This year, Cornell Cooperative Extension’s Farm to School Educator will be giving monthly updates on Farm to School programming in the region tied to the Harvest of the Month. Each month, we’ll highlight the local food and farms’ involvement within the cafeteria and the classroom.

Winter in Northern New York means lots of storage crops, so we highlighted sweet potatoes in January since fresh items can be hard to find. Many people think that sweet potatoes are a type of potato, but in fact sweet potatoes are a part of the morning glory family. Sweet potatoes aren’t grown from a seed or a cutting, but rather a slip. These slips are the sprouts that sweet potatoes produce when they are trying to reproduce and grow new plants. The sweet potatoes grow on vines under the ground, and most farms use large harvesters to dig them up when they’ve grown large enough.

In the classroom this month we learned about how sweet potatoes grow, how they are harvest, and all the different varieties that exist. We then attempted to grow vines out of locally grown sweet potatoes that had begun to sprout. For the remainder of the month students are watching and observing the vines grow. If done right, these vines can be cut and planted into the ground to grow more sweet potato plants. We’re excited to see if we’ll have success growing these vines!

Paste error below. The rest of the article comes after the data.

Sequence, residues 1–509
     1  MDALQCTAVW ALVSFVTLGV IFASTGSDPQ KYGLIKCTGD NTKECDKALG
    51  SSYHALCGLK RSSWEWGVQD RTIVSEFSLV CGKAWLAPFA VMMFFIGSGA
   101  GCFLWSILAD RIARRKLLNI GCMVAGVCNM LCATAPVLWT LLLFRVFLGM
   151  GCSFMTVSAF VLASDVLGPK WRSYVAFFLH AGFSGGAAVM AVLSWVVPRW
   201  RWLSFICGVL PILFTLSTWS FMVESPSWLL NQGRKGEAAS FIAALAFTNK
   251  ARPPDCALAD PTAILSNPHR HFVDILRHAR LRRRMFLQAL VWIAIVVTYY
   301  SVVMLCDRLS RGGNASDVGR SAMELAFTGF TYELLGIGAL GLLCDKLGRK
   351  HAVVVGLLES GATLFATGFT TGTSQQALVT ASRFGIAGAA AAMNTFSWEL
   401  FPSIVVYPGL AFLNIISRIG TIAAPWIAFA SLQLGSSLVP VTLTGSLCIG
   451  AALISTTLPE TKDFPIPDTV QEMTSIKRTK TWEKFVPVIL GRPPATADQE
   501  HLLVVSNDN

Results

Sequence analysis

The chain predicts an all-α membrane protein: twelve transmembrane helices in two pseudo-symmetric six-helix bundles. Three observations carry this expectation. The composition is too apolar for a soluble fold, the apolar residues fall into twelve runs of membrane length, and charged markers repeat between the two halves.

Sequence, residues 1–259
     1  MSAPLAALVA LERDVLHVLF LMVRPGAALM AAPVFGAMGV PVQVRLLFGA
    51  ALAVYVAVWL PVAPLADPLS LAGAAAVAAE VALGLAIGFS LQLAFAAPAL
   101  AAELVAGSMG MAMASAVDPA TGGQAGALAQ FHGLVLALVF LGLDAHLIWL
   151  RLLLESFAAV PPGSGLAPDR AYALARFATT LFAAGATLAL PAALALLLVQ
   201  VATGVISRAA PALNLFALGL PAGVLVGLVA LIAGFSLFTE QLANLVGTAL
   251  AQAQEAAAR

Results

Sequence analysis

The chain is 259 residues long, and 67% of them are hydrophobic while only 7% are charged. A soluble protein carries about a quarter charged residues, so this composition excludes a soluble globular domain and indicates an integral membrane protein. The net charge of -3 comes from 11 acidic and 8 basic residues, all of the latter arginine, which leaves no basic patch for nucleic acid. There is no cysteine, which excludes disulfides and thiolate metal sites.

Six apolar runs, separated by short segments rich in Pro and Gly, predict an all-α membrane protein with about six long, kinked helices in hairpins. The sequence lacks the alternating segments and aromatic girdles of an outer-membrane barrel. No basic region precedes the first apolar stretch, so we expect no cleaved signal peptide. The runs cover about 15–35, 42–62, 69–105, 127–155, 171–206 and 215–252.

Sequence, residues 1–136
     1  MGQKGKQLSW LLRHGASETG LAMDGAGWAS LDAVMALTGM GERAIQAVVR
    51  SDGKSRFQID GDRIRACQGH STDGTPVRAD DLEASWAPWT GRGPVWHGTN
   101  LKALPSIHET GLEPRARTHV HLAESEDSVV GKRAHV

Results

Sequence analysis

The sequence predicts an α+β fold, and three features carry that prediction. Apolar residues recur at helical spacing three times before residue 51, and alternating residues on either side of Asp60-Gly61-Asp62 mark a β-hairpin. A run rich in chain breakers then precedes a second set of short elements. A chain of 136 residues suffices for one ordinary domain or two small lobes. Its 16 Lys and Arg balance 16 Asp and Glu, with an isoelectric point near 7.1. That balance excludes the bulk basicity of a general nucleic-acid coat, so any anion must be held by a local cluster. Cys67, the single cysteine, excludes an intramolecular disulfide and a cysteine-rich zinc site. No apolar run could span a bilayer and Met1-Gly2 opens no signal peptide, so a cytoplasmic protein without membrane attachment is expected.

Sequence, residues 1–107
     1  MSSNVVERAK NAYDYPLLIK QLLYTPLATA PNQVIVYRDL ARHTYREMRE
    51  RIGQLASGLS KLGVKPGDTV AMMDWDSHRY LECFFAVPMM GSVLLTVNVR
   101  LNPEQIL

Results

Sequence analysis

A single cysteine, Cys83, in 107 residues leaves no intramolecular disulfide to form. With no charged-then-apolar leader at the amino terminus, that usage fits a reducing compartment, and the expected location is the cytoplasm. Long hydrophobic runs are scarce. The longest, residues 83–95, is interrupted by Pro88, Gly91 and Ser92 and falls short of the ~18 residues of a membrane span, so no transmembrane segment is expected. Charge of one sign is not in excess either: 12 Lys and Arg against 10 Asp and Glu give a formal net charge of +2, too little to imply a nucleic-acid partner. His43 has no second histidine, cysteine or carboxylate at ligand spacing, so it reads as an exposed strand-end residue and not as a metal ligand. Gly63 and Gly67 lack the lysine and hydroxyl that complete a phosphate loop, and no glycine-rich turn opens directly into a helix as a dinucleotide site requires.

In the cafeteria we taste tested sweet potatoes and beets, which are the Harvest of the Month for February. Most schools chose to combine them because the already short month is shortened even more by the winter break. When combined, most students preferred the sweet, starchy root vegetables to their earthier counterpart.

Results from the Boquet Valley Lake View Campus tasting; some students had strong opinions about the beets!

Each month, we’ll be recapping the great work being done in our local schools, so check back in! Next up…Beets.

For more information, visit http://essex.cce.cornell.edu/agriculture/farm-to-school

Written by: Meghan Brooks